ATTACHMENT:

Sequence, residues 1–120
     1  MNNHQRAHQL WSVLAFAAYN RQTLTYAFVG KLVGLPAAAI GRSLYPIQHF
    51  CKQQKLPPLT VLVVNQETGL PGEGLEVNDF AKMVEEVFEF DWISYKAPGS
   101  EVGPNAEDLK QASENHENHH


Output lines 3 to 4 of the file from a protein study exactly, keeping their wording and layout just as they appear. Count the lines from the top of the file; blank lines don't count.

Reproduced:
    51  CKQQKLPPLT VLVVNQETGL PGEGLEVNDF AKMVEEVFEF DWISYKAPGS
   101  EVGPNAEDLK QASENHENHH